From before they enroll at UW-Madison to beyond their graduation, Kelly Burton strives to create a positive, personal experience for underrepresented minority graduate students in the College of Engineering.
Burton joined the college in 1999 to implement GERS, the Graduate Engineering Scholars Program. Based on Rice University Professor Richard Tapia’s mentorship model, GERS began as a five-year pilot program with the UW-Madison Graduate School. Its goals were to increase underrepresented minority enrollment in and graduation rates from graduate programs within the college. “When I ask a chemical engineer from Puerto Rico or a black mechanical engineer from Tennessee what motivates them to come to Madison, they often respond that, although it is the merit of our departments that drew them to UW-Madison, it is the feeling that they would be cared for and belong to a community that made them feel like they could live in Madison,” says a student. “None of that exists without Kelly.”
Burton recruits students, tracks their applications, and connects them with a faculty member whose research interests match their own. Before the students arrive on campus, Burton ensures they have funding for the duration of their degree program. Through lectures, workshops, social events and regular group meetings, she demonstrates her commitment to the emotional, physical and mental well-being of each student. “Kelly has helped to foster a tightly knit, supportive community among the GERS students that erases feelings of isolation that many diversity students encounter,” says a former student. “As a result, diversity students are more likely to complete their graduate studies at UW-Madison.”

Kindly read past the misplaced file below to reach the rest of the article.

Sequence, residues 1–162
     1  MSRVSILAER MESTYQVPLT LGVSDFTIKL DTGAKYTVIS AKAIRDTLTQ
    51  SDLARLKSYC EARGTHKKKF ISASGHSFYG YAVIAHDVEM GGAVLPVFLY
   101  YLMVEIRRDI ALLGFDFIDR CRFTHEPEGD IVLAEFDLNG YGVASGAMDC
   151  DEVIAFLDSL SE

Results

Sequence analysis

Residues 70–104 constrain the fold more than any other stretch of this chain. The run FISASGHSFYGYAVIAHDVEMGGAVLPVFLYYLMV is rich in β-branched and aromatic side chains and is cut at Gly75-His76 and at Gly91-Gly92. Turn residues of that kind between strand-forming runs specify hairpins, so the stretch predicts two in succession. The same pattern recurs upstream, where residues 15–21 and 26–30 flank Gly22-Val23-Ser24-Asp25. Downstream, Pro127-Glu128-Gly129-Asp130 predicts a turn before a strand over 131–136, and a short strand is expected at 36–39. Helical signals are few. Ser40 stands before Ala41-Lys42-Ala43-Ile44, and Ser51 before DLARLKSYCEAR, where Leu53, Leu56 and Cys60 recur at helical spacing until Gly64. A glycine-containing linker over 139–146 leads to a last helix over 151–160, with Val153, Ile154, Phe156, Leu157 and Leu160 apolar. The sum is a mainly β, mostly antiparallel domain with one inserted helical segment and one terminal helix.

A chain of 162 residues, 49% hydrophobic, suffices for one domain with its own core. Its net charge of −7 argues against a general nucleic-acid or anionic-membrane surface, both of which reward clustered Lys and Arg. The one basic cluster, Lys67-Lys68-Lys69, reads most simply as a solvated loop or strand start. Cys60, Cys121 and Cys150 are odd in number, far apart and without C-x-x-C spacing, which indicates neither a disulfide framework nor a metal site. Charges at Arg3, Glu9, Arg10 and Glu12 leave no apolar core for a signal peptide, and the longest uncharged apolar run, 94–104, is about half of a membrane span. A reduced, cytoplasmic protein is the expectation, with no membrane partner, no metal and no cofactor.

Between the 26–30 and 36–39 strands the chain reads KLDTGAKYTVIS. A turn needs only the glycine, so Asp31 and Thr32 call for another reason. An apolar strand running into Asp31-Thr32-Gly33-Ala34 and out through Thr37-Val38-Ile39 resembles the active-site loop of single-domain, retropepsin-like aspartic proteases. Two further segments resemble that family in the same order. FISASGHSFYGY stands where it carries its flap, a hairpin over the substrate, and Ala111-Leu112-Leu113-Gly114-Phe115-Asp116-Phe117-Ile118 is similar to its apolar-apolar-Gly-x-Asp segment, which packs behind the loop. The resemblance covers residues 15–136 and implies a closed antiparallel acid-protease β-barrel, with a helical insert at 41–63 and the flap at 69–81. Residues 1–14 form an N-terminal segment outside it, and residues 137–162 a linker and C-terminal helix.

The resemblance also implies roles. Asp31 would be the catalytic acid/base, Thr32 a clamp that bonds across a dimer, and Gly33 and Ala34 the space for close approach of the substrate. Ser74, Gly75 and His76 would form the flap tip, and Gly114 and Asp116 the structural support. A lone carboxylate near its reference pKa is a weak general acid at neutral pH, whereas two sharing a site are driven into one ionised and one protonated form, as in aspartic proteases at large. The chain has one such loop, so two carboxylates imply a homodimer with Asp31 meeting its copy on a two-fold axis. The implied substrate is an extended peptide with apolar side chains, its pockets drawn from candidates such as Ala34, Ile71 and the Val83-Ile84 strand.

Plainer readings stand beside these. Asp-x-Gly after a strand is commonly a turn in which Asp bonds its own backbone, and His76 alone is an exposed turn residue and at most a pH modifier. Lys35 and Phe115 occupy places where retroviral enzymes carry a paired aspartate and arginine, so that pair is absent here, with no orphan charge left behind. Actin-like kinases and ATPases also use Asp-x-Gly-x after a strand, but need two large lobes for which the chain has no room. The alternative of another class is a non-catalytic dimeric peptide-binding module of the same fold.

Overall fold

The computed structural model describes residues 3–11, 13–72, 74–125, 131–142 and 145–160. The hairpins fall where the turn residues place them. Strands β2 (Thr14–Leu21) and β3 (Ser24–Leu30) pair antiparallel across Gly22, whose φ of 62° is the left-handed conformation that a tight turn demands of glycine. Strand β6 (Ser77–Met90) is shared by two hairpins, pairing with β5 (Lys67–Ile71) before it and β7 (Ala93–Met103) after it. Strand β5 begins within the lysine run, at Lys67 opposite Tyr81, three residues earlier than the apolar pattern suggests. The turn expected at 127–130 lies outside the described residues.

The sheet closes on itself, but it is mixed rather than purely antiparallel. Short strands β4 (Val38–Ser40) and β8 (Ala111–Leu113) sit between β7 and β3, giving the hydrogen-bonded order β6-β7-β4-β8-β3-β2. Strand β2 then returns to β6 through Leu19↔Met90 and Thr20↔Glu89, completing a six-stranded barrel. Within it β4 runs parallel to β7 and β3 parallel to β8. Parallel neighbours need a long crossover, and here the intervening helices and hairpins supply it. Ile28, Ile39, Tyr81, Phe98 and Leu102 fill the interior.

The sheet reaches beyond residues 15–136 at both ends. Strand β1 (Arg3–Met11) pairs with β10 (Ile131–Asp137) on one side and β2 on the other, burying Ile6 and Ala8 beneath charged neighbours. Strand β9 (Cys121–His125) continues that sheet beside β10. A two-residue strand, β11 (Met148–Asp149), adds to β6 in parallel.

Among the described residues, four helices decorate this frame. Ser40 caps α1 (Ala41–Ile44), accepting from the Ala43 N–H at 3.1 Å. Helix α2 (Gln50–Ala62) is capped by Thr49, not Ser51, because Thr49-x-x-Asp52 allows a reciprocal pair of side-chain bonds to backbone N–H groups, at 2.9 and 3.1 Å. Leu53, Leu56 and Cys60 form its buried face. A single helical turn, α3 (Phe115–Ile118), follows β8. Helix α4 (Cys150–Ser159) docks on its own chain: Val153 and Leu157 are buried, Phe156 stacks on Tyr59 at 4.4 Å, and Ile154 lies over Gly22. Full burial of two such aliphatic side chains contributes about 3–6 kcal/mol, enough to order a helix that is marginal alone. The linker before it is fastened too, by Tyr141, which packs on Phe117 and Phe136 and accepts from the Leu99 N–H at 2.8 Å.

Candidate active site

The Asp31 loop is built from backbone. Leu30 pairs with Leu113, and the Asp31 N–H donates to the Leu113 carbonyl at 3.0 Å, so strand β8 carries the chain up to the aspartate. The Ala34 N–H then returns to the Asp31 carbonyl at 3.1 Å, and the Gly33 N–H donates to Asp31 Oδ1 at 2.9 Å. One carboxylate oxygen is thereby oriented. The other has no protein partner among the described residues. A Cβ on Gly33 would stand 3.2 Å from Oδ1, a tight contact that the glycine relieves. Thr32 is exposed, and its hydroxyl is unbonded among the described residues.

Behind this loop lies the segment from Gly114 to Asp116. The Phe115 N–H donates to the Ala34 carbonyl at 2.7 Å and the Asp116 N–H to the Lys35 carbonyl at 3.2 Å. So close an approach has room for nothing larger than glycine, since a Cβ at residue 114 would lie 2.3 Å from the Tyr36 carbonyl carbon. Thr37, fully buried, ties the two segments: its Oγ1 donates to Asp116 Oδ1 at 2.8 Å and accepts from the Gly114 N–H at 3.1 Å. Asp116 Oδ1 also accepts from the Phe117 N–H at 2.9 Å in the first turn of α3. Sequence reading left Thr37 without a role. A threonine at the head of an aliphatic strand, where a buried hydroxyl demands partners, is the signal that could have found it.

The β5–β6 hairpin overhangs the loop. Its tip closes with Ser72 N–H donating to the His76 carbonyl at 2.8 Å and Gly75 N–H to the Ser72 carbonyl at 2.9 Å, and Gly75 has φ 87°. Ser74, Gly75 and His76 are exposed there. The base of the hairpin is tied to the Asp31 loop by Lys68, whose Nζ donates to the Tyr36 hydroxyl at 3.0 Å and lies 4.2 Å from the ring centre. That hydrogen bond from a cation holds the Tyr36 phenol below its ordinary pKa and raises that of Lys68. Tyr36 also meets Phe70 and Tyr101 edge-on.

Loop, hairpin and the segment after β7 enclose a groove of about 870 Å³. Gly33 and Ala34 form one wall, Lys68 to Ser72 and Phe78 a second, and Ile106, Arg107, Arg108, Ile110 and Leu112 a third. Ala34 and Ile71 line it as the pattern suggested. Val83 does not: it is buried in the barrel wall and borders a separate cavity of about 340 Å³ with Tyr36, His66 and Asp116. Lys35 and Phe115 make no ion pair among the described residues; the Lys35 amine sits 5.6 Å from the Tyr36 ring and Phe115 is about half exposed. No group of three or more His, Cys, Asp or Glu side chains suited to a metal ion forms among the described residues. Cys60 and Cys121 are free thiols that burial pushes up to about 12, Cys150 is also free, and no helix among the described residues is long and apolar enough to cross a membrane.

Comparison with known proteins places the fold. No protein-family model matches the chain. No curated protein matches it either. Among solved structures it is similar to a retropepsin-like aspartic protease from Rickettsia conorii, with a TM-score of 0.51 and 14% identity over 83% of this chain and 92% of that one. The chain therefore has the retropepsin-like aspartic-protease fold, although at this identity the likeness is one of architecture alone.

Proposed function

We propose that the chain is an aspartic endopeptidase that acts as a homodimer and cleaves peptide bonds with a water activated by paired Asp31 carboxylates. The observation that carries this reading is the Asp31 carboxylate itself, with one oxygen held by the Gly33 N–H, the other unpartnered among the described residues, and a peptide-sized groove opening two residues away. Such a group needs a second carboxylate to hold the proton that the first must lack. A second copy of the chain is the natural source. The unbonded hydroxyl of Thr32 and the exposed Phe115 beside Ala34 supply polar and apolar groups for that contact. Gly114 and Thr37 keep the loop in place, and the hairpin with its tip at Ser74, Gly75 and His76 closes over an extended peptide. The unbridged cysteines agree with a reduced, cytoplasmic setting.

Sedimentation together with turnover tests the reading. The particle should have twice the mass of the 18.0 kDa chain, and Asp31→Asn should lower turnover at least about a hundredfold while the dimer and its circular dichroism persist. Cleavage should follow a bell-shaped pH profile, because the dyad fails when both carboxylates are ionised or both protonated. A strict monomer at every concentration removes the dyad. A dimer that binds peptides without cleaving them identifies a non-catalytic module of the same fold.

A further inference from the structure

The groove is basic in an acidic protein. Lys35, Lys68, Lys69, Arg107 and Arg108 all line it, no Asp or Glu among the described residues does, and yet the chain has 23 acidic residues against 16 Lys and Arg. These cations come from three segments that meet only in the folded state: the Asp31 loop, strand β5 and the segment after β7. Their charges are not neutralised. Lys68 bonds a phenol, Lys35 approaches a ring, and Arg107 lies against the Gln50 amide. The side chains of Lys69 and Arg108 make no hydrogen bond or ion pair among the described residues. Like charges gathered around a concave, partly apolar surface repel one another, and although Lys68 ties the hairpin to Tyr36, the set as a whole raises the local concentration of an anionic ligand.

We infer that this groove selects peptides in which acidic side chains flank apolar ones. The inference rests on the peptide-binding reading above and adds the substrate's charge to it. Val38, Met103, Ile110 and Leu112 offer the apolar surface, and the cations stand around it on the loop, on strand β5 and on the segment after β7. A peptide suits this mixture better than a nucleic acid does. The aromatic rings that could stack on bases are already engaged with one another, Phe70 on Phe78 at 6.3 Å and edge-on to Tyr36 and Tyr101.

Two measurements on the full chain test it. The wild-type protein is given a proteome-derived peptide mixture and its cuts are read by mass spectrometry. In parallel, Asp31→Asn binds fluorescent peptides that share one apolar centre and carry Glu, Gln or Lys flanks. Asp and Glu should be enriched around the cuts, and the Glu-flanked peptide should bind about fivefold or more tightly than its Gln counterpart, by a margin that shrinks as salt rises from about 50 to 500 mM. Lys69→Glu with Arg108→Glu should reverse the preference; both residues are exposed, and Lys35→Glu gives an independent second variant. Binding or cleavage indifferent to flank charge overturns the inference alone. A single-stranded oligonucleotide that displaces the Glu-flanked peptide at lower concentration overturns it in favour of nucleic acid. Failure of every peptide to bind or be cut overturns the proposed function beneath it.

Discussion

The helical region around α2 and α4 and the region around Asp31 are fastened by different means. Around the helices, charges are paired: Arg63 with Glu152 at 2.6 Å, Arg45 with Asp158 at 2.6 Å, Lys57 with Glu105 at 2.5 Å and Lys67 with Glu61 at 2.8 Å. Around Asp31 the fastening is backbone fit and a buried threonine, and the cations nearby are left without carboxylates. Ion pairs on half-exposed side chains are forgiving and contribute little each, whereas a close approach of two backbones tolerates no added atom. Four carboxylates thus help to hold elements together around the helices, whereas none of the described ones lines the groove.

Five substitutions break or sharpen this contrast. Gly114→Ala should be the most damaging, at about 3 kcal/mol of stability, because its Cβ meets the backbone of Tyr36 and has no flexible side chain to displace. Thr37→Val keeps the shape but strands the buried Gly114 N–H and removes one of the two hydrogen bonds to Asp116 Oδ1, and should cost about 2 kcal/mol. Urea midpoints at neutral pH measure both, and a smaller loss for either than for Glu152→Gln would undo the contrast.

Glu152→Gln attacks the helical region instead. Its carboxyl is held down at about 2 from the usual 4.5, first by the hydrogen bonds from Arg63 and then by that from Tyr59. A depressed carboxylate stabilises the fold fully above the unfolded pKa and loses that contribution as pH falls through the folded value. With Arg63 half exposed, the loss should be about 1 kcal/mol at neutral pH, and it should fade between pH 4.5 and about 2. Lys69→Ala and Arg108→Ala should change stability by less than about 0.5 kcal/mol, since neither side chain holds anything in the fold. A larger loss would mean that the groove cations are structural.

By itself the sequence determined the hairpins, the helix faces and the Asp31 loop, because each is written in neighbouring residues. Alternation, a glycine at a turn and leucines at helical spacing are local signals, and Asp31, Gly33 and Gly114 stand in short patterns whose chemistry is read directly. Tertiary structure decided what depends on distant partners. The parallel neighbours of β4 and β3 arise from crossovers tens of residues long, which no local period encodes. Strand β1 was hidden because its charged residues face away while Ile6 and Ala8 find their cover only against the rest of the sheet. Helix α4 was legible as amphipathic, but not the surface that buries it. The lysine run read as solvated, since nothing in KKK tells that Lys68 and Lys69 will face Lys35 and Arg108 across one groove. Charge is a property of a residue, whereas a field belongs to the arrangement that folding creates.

Under Burton, GERS is accomplishing its initial goals. In the college, enrollment of underrepresented minority graduate students increased from 18 in fall 1999 to 51 students in fall 2005; from 2000 through December 2007, 32 students earned MS degrees and 19 students earned PhD degrees. Of those PhD recipients, four accepted faculty positions, two are postdoctoral fellows, and 13 are working in industry, government agencies or at national labs. The Graduate School has promoted the GERS model to other UW-Madison schools and colleges; as a result, the College of Letters & Science, School of Education, and jointly the College of Agricultural & Life Sciences and the School of Medicine & Public Health have worked with Burton to establish similar programs. Says a colleague: “She knows the field of diversity not only in theory, but in practice, and not only in her head, but in her heart and on the ground as well.”